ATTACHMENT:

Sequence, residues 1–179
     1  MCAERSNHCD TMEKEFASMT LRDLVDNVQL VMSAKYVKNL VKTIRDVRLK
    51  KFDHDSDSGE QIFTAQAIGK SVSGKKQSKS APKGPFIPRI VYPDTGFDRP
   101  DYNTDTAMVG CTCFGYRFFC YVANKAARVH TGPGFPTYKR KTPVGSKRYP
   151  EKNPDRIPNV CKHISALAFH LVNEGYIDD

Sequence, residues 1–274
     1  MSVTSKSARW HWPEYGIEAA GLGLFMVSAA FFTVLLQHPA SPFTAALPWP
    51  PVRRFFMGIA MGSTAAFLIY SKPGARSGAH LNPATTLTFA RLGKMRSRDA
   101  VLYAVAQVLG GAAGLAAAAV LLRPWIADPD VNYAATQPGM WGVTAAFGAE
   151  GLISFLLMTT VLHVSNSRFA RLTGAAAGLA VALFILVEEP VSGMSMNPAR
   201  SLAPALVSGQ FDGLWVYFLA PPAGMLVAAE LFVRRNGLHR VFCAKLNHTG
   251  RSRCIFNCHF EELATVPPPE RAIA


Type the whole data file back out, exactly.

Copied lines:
Sequence, residues 1–179
     1  MCAERSNHCD TMEKEFASMT LRDLVDNVQL VMSAKYVKNL VKTIRDVRLK
    51  KFDHDSDSGE QIFTAQAIGK SVSGKKQSKS APKGPFIPRI VYPDTGFDRP
   101  DYNTDTAMVG CTCFGYRFFC YVANKAARVH TGPGFPTYKR KTPVGSKRYP
   151  EKNPDRIPNV CKHISALAFH LVNEGYIDD

Sequence, residues 1–274
     1  MSVTSKSARW HWPEYGIEAA GLGLFMVSAA FFTVLLQHPA SPFTAALPWP
    51  PVRRFFMGIA MGSTAAFLIY SKPGARSGAH LNPATTLTFA RLGKMRSRDA
   101  VLYAVAQVLG GAAGLAAAAV LLRPWIADPD VNYAATQPGM WGVTAAFGAE
   151  GLISFLLMTT VLHVSNSRFA RLTGAAAGLA VALFILVEEP VSGMSMNPAR
   201  SLAPALVSGQ FDGLWVYFLA PPAGMLVAAE LFVRRNGLHR VFCAKLNHTG
   251  RSRCIFNCHF EELATVPPPE RAIA